Location: 106 John Street, Toronto
After essentially accusing Sweet Jesus of being empty Instagram-bait, I recently came to the realization that it’s probably a bit better than I’ve been giving it credit for. Yes, a heavy emphasis is placed on making their creations as visually pleasing as possible, but the soft serve is nice and creamy, and the flavours are usually satisfying.
That being said? Their new limited edition TIFF-inspired creation, the Marie Antoinette, is empty Instagram-bait.
It’s a collaboration with Nadege, and it features vanilla soft serve, maple sauce, macaron crumbs, mini macarons, and a full-sized macaron on top.
The full macaron is actually the best thing about it. It has a nice, lightly crispy texture, a very subtle chewiness, and a pleasant vanilla bean flavour that isn’t too sweet. It’s a quality macaron.
Otherwise, the rest basically just tastes like plain vanilla ice cream. The mini macarons are one-note crunchy and don’t really taste like anything, the maple sauce features shockingly little maple syrup flavour (I never would have guessed it was supposed to be maple if I hadn’t known), and the macaron crumbs just add a grainy texture.
The vanilla ice cream is tasty enough, so I certainly didn’t dislike eating it, but there isn’t a whole lot there.
Location: 477 Queen Street West, Toronto
I guess those stupid overpriced macarons from Ladurée in Yorkdale have ruined other ones for me. Because I just ate a couple from Butter Avenue, and they were pretty good, but I couldn’t help but compare them to Ladurée — and they came up short.
I tried the pistachio and the raspberry white chocolate, and there certainly wasn’t anything wrong with either. The pistachio had a really enjoyable nutty flavour, and the raspberry white chocolate featured a delicious raspberry jam centre surrounded by creamy white chocolate. They were both quite tasty.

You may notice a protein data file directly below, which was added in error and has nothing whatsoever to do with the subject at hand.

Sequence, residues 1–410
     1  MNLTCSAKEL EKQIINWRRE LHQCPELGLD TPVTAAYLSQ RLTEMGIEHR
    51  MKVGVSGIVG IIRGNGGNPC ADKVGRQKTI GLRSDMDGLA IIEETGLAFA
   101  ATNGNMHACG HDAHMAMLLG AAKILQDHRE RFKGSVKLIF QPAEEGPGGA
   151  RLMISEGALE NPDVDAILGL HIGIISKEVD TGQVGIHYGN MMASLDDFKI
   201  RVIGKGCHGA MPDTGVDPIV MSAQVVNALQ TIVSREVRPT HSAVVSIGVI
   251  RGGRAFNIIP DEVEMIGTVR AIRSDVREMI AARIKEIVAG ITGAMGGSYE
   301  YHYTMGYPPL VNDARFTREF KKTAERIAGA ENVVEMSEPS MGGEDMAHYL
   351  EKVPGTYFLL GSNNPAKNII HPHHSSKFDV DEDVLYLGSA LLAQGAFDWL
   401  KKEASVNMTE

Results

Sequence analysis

But the flavours just couldn’t compare to what they were serving at Ladurée, and the texture was overly dense and chewy, in stark contrast to the almost ethereal lightness of Ladurée’s version.
They were three bucks each, which is certainly less than the almost four that they’re charging at Ladurée, but not exactly cheap. If you’re already spending three bucks on a tiny macaron, you may as well spend the extra dollar and get the superior version.
The macarons from Ladurée were delicious. You probably shouldn’t eat them.
I got four of them, and they cost about 15 bucks with tax ($14.92, actually), and seriously: get the hell out of here with those prices. I don’t care if you’re using the highest of high-end ingredients, there’s no way to justify charging $3.73 each for these tiny little things.
They are quite good, though. I tried hazelnut, pistachio, salted caramel and coconut lime.
They were amazing; maybe the best macarons I’ve ever had. The texture was the perfect contrast of crispy, airy, and creamy, and the flavours were uniformly great. Even the coconut lime, which I was kind of skeptical about, was top notch. It had a really satisfying coconut flavour, with a mild zinginess from the lime that never overwhelms.
But those prices? Nope.